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Personality and motivational predictors of well-being and coping during COVID-19: A reversal theory analysis

Joanne Hudson Orcid Logo, Yusuke Kuroda, Patrick C.H. Morel

Personality and Individual Differences, Volume: 175, Start page: 110703

Swansea University Author: Joanne Hudson Orcid Logo

  • Accepted Manuscript under embargo until: 28th January 2023

Abstract

This study used reversal theory to examine motivational predictors of well-being and coping during the COVID-19 pandemic in 2020. 149 UK based respondents completed an online survey including measures of demographics, well-being, coping, motivational style, and dominance. Well-being was predicted by...

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Published in: Personality and Individual Differences
ISSN: 0191-8869
Published: Elsevier BV 2021
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URI: https://cronfa.swan.ac.uk/Record/cronfa56126
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first_indexed 2021-01-25T13:33:02Z
last_indexed 2021-12-02T04:12:32Z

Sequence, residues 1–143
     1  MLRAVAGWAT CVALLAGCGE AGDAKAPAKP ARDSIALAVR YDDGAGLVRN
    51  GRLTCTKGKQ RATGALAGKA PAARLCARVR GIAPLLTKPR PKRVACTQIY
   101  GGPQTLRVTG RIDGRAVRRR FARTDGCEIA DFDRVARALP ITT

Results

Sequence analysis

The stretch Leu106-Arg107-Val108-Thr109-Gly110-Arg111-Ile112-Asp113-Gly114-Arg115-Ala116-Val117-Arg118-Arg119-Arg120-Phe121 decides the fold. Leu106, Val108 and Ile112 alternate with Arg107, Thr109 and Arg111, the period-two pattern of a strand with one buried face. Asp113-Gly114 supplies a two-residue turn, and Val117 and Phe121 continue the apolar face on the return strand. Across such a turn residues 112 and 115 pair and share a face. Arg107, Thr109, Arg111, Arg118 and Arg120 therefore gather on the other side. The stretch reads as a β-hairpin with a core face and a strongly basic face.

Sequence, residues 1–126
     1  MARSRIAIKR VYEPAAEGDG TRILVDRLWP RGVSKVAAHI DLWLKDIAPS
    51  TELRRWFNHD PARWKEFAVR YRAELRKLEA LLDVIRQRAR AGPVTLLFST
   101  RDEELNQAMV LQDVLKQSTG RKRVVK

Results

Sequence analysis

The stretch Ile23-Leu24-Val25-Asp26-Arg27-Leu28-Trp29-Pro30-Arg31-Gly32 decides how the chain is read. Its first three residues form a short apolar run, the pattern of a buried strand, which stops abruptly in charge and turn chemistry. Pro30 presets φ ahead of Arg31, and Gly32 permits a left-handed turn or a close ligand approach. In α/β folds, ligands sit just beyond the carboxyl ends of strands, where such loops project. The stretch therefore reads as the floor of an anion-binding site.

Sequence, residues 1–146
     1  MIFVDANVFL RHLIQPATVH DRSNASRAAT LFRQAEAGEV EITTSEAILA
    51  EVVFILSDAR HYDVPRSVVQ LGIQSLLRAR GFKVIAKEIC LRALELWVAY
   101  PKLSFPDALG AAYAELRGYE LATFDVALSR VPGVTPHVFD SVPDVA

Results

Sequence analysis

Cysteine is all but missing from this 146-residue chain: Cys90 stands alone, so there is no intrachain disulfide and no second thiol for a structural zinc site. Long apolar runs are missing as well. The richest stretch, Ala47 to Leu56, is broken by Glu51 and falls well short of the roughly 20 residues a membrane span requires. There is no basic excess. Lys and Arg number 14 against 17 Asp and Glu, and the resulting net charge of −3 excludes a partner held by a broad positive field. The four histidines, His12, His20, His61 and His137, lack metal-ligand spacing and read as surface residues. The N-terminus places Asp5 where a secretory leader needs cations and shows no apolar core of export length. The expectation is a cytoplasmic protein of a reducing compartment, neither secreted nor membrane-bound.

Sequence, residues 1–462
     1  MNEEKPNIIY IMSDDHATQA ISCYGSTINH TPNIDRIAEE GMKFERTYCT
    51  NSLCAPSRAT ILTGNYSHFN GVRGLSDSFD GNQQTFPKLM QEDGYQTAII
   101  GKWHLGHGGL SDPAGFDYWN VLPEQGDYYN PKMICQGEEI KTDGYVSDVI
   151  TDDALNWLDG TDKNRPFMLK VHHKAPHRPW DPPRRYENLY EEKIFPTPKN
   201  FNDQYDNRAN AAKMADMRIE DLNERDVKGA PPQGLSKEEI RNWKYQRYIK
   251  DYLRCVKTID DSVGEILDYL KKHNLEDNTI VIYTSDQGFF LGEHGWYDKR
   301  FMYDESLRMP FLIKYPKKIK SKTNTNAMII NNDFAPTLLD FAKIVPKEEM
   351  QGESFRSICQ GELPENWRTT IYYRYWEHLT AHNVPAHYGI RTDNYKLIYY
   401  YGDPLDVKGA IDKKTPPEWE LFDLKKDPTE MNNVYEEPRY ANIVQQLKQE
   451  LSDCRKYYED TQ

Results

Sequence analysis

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spelling 2021-12-01T13:25:09.8330348 v2 56126 2021-01-25 Personality and motivational predictors of well-being and coping during COVID-19: A reversal theory analysis 304341cf2cd1bdb99d7d6ccf0f030d99 0000-0003-4732-8356 Joanne Hudson Joanne Hudson true false 2021-01-25 STSC This study used reversal theory to examine motivational predictors of well-being and coping during the COVID-19 pandemic in 2020. 149 UK based respondents completed an online survey including measures of demographics, well-being, coping, motivational style, and dominance. Well-being was predicted by optimism (positively), autic and mastery (negatively) dominances, by alloic sympathy, optimism and paratelic motivation styles (positively), and, negatively by arousal seeking, arousability and pessimism. Coping was positively predicted by optimism and negativism dominances and by negativist, paratelic and telic motivations, and, negatively by arousability and pessimism. Using motivational dominances, indirect support was identified for the link between psychodiversity and well-being, but not coping. Findings suggest that well-being and, to a lesser degree, coping could be enhanced by encouraging individuals to experience a range of motivations, possibly focusing on those identified here as significant predictors. Future research needs to determine the context specificity of these findings and explore psychodiversity, well-being and coping using both metamotivational states and composite profiles incorporating the full range of motivational constructs. Journal Article Personality and Individual Differences 175 110703 Elsevier BV 0191-8869 Reversal theory, Well-being, Coping, Personality, Motivational dominance, Psychodiversity 1 6 2021 2021-06-01 10.1016/j.paid.2021.110703 COLLEGE NANME Sport and Exercise Sciences COLLEGE CODE STSC Swansea University 2021-12-01T13:25:09.8330348 2021-01-25T13:31:07.1167286 College of Engineering Sports Science Joanne Hudson 0000-0003-4732-8356 1 Yusuke Kuroda 2 Patrick C.H. Morel 3 Under embargo Under embargo 2021-01-25T13:32:56.5882028 Output 547498 application/pdf Accepted Manuscript true 2023-01-28T00:00:00.0000000 © 2021 All rights reserved. All article content, except where otherwise noted, is licensed under a Creative Commons Attribution Non-Commercial No Derivatives License (CC-BY-NC-ND) true eng http://creativecommons.org/licenses/by-nc-nd/4.0/